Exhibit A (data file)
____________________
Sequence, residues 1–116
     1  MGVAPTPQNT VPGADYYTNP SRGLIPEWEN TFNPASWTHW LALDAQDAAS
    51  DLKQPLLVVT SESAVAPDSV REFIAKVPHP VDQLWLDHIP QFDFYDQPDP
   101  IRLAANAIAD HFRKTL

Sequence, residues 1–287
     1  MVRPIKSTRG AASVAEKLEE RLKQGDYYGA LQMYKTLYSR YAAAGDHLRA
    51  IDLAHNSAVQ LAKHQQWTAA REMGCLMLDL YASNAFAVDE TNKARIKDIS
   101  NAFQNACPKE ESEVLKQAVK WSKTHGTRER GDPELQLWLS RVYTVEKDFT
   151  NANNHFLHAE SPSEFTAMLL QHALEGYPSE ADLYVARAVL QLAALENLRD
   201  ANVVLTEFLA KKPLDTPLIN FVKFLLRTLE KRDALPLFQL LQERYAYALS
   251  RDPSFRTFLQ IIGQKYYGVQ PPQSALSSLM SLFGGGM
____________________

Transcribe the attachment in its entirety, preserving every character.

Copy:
Sequence, residues 1–116
     1  MGVAPTPQNT VPGADYYTNP SRGLIPEWEN TFNPASWTHW LALDAQDAAS
    51  DLKQPLLVVT SESAVAPDSV REFIAKVPHP VDQLWLDHIP QFDFYDQPDP
   101  IRLAANAIAD HFRKTL

Sequence, residues 1–287
     1  MVRPIKSTRG AASVAEKLEE RLKQGDYYGA LQMYKTLYSR YAAAGDHLRA
    51  IDLAHNSAVQ LAKHQQWTAA REMGCLMLDL YASNAFAVDE TNKARIKDIS
   101  NAFQNACPKE ESEVLKQAVK WSKTHGTRER GDPELQLWLS RVYTVEKDFT
   151  NANNHFLHAE SPSEFTAMLL QHALEGYPSE ADLYVARAVL QLAALENLRD
   201  ANVVLTEFLA KKPLDTPLIN FVKFLLRTLE KRDALPLFQL LQERYAYALS
   251  RDPSFRTFLQ IIGQKYYGVQ PPQSALSSLM SLFGGGM